DeepMind has a method to make artificial intelligence safe
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DeepMind has a method to make artificial intelligence safe

Concerns over the safety of artificial intelligence (AI) are fashionable. These concerns have long occupied academics and science fiction writers, but a number of leading technocrats, most notably Elon Musk, have publicized them in recent years. There are a number of ways, they speculate, that AI could go wrong – but they all boil down to a super-intelligent machine going out of control. DeepMind, Google’s world-leading AI laboratory, takes these things seriously.

Alphabet’s share price has risen by 36% year to date

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You don’t have to subscribe to apocalyptic scenarios to worry about AI – the same algorithms that work on facial recognition, natural language processing, and strategy games like Go and Chess, could go haywire. Now, DeepMind has a test to check that they haven’t.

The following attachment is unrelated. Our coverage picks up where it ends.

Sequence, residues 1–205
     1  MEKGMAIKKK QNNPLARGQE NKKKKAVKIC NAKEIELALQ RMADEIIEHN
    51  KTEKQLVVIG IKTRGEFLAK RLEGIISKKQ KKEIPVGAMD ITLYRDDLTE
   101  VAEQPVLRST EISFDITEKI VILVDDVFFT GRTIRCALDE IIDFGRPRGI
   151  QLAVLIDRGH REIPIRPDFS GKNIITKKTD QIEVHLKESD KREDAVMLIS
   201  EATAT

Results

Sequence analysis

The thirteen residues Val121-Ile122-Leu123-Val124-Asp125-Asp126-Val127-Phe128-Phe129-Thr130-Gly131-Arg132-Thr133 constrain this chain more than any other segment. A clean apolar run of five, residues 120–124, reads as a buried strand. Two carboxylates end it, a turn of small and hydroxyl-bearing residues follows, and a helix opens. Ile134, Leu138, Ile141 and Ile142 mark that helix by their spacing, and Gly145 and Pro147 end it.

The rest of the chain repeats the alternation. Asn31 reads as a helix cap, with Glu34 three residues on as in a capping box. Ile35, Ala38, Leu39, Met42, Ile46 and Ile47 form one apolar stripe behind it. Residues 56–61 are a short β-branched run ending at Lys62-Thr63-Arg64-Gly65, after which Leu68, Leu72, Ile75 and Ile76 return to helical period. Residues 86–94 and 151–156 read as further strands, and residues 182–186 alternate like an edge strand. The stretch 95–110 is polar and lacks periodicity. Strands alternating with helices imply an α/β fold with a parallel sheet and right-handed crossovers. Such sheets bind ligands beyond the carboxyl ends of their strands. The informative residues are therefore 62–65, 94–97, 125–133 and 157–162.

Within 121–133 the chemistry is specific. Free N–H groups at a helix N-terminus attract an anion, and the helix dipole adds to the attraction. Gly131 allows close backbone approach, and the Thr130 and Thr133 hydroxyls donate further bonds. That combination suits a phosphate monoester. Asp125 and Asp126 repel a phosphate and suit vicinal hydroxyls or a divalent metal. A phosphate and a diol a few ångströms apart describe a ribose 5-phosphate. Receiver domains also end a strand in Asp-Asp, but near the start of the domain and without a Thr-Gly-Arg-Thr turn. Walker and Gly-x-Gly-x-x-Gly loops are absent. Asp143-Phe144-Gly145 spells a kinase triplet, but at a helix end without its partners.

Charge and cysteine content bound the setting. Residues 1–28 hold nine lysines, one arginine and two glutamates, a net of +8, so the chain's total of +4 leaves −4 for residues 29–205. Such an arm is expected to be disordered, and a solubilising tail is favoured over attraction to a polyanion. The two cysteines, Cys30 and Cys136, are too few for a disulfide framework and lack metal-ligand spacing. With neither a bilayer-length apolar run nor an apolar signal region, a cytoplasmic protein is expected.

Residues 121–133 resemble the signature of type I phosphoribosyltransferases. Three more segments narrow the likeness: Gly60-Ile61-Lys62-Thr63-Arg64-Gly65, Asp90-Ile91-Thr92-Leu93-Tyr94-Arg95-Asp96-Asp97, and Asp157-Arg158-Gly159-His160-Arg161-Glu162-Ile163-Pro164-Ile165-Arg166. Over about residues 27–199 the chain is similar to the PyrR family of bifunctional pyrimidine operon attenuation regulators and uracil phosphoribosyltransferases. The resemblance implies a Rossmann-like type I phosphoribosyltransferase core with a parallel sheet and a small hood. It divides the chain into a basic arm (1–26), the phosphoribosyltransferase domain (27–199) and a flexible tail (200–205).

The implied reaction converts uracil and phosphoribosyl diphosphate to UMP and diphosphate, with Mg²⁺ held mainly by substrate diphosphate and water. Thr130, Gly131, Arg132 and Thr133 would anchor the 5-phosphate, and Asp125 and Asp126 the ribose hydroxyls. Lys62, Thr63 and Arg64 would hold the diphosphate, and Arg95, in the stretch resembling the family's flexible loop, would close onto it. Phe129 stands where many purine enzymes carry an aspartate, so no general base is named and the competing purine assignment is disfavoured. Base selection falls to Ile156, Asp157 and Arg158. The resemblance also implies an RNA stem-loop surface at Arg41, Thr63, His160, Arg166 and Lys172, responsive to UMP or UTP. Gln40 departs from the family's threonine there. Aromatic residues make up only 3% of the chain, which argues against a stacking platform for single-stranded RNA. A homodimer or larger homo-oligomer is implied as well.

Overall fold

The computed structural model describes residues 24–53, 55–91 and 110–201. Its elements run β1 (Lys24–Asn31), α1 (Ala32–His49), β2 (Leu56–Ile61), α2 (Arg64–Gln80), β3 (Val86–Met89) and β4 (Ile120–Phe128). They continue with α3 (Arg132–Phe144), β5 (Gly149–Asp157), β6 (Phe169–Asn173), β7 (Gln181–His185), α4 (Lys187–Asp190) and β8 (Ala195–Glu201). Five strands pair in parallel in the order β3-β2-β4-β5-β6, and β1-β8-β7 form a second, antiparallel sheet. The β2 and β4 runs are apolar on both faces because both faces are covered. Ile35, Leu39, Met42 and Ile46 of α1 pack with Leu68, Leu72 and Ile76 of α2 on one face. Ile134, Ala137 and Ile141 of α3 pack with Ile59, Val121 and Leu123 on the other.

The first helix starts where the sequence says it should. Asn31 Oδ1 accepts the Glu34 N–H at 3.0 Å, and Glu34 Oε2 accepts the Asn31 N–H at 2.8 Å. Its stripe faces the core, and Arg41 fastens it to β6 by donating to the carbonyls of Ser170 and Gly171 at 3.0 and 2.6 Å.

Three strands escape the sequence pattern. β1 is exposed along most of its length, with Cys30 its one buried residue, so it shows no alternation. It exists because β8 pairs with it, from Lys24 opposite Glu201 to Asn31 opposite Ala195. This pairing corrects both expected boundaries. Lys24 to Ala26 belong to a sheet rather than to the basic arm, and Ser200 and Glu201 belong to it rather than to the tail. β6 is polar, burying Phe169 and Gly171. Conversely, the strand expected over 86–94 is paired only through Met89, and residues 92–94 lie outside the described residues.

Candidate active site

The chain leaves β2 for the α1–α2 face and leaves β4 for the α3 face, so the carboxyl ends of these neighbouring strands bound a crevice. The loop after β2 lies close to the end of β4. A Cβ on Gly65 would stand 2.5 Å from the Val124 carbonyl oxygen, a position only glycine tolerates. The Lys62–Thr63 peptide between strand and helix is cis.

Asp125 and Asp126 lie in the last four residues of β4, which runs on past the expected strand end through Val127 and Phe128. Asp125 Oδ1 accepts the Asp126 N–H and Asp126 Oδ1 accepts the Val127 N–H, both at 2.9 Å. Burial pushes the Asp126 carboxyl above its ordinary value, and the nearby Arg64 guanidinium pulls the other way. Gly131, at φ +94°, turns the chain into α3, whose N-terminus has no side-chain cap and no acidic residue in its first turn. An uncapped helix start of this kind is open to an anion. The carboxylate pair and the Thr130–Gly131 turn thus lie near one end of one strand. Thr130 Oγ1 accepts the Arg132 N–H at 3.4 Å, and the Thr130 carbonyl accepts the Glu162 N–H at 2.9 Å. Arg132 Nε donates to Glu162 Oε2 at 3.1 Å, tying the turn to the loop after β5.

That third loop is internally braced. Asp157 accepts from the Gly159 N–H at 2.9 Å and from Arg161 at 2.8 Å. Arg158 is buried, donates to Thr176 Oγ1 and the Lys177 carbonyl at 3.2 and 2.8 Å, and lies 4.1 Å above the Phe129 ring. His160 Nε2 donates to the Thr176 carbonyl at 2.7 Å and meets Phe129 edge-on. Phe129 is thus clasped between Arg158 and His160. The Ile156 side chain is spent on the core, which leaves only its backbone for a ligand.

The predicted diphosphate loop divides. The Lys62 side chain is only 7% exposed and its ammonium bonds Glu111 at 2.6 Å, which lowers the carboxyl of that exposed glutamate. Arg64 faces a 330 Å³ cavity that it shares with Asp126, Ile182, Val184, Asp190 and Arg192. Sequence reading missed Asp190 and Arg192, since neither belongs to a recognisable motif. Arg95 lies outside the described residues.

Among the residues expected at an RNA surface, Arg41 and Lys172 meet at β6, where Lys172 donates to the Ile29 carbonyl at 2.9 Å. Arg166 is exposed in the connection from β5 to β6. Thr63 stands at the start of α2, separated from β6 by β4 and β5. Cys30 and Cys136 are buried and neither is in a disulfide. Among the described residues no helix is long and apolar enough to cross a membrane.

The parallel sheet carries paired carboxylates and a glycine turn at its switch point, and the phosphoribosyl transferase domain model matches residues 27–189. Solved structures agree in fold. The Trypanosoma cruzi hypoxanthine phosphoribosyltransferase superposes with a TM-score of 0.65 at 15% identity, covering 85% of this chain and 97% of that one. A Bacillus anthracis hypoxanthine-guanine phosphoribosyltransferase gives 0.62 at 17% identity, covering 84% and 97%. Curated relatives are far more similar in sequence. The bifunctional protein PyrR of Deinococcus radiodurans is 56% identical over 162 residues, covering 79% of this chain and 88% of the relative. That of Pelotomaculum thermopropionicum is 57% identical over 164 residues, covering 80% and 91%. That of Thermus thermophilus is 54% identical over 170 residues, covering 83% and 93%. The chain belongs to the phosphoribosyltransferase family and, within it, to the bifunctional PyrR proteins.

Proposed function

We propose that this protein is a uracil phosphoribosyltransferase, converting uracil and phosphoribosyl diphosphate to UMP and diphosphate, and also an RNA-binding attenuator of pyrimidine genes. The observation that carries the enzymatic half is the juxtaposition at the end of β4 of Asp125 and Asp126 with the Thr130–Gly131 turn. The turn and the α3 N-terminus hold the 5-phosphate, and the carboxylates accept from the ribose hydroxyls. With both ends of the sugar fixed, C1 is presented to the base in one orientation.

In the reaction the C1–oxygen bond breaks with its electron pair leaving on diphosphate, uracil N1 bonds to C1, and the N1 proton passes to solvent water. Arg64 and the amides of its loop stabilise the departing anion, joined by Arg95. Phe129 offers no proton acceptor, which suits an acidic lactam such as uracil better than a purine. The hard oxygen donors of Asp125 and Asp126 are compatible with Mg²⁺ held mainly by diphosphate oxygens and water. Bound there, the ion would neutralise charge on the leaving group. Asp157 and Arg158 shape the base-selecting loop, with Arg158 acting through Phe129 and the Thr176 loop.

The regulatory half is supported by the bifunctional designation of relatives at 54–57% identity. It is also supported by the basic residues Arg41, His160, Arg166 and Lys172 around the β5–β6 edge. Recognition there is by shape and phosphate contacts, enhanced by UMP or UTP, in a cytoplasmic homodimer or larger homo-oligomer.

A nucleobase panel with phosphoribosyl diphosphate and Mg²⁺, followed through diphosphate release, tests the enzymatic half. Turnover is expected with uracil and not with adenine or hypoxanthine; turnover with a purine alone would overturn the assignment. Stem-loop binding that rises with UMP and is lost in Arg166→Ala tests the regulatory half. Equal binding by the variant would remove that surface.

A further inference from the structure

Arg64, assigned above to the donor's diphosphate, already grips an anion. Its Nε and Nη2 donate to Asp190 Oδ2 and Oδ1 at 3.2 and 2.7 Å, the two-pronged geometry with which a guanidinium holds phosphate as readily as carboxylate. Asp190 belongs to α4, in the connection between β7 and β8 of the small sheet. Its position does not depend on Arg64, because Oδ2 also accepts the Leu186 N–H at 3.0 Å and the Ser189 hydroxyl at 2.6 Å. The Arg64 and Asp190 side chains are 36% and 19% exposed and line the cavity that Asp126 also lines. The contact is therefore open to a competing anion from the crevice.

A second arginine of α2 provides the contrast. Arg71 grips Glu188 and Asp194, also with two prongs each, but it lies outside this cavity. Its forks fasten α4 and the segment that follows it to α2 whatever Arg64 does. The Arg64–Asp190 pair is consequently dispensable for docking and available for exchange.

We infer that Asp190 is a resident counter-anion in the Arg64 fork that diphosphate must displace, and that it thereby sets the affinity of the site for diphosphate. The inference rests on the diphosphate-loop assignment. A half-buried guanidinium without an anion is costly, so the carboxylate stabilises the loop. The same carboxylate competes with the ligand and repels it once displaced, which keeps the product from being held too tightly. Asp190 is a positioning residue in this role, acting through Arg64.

The test involves putting those algorithms in question through a simple, 2D, computer game called “Gridworld”.  As the algorithm plays the game, researchers assess it with reference to nine safety features. They’re looking for AIs to exhibit behaviours like the ability to modify themselves, and learning to cheat. Behaviour that is unsafe in Gridworld could well be unsafe in the real world. Other functions Gridworld measures include unintended side effects of actions, and what an AI does when caught in intractable problems.  

Gridworld is not just designed to make DeepMind’s software safer – the company has released it to the public in the hopes that a number of researchers will use and download it. Whether this safety priming is enough for the likes of Elon Musk remains to be seen – but it’s certainly a sign that the biggest player in the AI game is taking those concerns seriously.

Disclosure

Dominion holds Alphabet, the parent company of Google, in its Global Trends Ecommerce Fund.


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